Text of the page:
Is it important that your Spouse lose weight too?



  • Tanie98
    Tanie98 Posts: 675 Member
    edited November 2014
    Yes I would prefer it if my SO is into fitness watches his weight. Then again I woudn`t start something with a guy that's overweight and out of shape to begin with.
  • DeWoSa
    DeWoSa Posts: 496 Member
    edited November 2014
    MrM27 wrote: »
    My girlfriend lost 13 pounds over about three - four months. Her husband decided he wanted to lose weight too and he lost 22 pounds in two months. It totally demoralized her.

    That makes absolutely no sense at all^^^

    Ah -- let me explain. She lost 13 pounds because her caloric intake was less than her calorie output. Her husband lost 22 pounds for the same reason.

    I hope that helps.
  • As long as naked time is still good, does it really matter? :)
  • indianwin2001
    indianwin2001 Posts: 296 Member
    No-My wife is tiny to begin with
  • DeWoSa
    DeWoSa Posts: 496 Member
    MrM27 wrote: »

    Sounds like someone is trying to play the victim.

    Exactly. See, you do understand!
  • stopdropandlose
    stopdropandlose Posts: 162 Member
    I'm not married, but I am in a serious relationship with my boyfriend of over 1.5 years.

    He's decided to join me on this journey for many reasons. The first is that he is unhappy with his appearance. The second reason is that heart disease runs in the family. Third, he knows how hard it is for me to be good when all he wants to do is go out and eat junk. Lastly, he knows I get kind of obsessive when it comes to losing weight and healthy eating and he really wanted to help me do it the right way.

    I would love him no matter what size, but I do think a healthier lifestyle is important for him because it will help him feel better about himself and help with his physical health.
  • It's not important to me at all. My partner has in fact lost a great deal of weight and is now too skinny - I dislike it and he gets comments on it, from family and even work colleagues - and is a gym obsessive. It's his choice, as much as I dislike it. In return, I wouldn't expect him to pressure me into losing weight and he doesn't. He mentioned it ONCE before I started my diet and he's lived to regret that!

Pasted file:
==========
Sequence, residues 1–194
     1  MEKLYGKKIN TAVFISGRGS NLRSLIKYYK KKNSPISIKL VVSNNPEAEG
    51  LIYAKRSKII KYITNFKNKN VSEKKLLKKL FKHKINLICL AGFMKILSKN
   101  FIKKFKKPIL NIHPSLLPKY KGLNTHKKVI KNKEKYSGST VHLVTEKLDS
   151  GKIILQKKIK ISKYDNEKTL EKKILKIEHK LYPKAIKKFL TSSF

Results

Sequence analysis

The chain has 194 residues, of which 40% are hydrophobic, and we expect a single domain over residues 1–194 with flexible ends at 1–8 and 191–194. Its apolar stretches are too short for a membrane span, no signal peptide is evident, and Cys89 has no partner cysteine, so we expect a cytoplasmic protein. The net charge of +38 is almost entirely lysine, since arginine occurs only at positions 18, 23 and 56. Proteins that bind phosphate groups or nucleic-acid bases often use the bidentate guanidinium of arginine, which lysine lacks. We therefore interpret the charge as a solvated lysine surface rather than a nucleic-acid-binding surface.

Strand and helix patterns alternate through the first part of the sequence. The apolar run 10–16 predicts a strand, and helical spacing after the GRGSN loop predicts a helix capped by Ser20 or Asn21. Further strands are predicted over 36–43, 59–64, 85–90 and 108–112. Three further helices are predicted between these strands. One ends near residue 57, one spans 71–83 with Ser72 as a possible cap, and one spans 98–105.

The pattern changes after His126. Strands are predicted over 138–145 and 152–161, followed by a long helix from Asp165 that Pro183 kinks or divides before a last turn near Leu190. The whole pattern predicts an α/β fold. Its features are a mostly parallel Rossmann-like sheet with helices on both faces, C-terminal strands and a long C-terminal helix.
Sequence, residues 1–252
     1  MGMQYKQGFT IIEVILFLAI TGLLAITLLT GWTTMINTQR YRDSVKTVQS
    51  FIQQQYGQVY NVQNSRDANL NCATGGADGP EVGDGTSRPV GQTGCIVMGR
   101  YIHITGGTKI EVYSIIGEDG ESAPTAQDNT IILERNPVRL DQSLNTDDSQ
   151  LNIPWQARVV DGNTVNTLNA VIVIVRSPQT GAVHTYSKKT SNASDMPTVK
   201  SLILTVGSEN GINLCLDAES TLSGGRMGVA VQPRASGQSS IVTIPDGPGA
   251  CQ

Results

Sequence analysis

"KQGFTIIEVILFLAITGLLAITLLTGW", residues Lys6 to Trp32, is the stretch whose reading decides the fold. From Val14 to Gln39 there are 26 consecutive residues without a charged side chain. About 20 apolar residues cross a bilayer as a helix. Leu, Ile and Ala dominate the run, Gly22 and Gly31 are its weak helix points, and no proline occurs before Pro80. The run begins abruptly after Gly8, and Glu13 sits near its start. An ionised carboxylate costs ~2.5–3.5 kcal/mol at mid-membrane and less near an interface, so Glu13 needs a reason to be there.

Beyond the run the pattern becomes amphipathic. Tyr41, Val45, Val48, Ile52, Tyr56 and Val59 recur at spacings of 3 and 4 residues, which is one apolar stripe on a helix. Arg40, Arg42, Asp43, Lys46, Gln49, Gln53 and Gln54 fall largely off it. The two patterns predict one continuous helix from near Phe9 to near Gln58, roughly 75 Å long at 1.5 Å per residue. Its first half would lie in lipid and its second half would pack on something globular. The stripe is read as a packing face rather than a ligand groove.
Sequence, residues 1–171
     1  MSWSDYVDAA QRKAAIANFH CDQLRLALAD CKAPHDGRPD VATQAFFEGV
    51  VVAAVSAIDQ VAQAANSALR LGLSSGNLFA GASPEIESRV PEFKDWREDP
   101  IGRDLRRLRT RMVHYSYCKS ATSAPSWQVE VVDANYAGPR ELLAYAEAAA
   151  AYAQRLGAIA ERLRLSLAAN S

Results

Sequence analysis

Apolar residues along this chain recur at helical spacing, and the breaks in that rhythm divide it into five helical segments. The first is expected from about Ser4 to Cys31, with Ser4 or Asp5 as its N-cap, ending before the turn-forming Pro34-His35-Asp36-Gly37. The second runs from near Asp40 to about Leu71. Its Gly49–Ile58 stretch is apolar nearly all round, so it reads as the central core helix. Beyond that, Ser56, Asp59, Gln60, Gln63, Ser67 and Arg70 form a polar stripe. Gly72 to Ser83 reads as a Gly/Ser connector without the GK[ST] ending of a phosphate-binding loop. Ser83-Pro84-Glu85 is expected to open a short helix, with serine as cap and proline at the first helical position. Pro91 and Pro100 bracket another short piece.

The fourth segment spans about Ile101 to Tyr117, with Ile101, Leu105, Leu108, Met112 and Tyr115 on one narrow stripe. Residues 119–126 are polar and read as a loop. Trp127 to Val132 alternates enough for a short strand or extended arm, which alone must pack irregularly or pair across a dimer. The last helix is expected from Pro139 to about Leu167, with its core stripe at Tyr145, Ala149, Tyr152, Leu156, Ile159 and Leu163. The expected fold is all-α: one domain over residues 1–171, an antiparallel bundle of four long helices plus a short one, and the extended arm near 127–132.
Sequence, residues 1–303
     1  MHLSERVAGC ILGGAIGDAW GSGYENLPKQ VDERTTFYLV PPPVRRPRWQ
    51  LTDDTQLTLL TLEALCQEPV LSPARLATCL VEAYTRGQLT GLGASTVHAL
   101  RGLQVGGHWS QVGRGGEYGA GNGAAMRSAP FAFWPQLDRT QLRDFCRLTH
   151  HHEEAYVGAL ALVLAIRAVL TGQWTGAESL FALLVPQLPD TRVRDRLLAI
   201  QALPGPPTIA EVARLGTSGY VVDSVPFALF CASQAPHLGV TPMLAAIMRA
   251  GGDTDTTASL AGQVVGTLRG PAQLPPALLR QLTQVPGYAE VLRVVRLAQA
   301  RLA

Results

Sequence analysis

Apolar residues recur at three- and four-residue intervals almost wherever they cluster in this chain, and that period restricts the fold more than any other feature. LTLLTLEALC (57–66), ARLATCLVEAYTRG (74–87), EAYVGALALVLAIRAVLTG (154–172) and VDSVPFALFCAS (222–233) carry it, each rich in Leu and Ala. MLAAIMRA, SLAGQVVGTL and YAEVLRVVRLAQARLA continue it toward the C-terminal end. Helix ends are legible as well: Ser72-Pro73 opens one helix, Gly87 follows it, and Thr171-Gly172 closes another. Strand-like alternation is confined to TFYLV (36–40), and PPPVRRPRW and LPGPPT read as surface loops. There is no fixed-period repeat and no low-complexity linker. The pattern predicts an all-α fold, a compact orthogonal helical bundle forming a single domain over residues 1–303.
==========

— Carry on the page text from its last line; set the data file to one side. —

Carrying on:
• HMonsterX
    HMonsterX Posts: 3,000 Member
    My partner is obese, her 16 year old child is morbidly obese...the 11 year old is underweight, the 8 year old is fine, the 4 year old is morbidly obese.

    I've tried many times. But...there's none so blind as those that will not listen.

    So, they have their takeaway pizzas, cakes, crisps, etc...and i have my turkey mince.
  • MyChocolateDiet
    MyChocolateDiet Posts: 22,281 Member
  • mykaylis
    mykaylis Posts: 320 Member
    yes, it is an issue. his BMI is 55. i don't want him to keel over and die on me. i'm not going to put the screws on him but i do hope he'll follow my lead and make a few changes.
  • cantumelia
    cantumelia Posts: 59 Member
    One of my goals at losing weight is encouraging my husband to do the same!. Not succeeding yet but wait and see!. He´s witnessing my progress and is thinking of losing weight himself. Perhaps in time he will.
  • Vanilla_Lattes
    Vanilla_Lattes Posts: 251 Member
    My DH has an autoimmune disease that actually makes it very hard for him to sustain a normal weight. He is chronically UNDERWEIGHT, so its a little different in our situation. I have been all over the board since we've been together, and he's never been anything but supportive of me. He never mentions my weight or makes me feel unloved. He loved me at my heaviest weight and at my lowest. He's never treated me different, even sexually, and I am very appreciative. I would award him the same respect no matter his weight.
  • Nekrachael
    Nekrachael Posts: 74 Member
    My Dh and I got overweight together, and we've lost weight together. Most things we do involve being "on the same team". Not that we ever said, "Hey Honey, let's get fat!", but we did make other life choices that made being fit more difficult for awhile. Now, we are very happy to be where we are fitness-wise.

    The thing about the OP's questions and many of the responses is that I cannot figure how a committed couple can be genuinely supportive if they do not share similar goals. Those goals might change with fitness being more and less important over time, but when one person feels like it's time to address fitness, it effects a whole household. I cannot imagine getting a divorce over fitness, but I can imagine some huge discussions if one of us felt the time was right to focus on fitness and the other one was struggling with a horrible job or a sleepless child. It would seem like both were blind to the other's reality, and that means there are much bigger problems than a high BMI.

    From where I sit now, having been obese and having been in the same relationship for 25 years, I can genuinely say my partner's weight would not make or break a relationship. However, if it felt like it was time to address it, you can bet I would engage him in many, many discussions about his/our health and our priorities.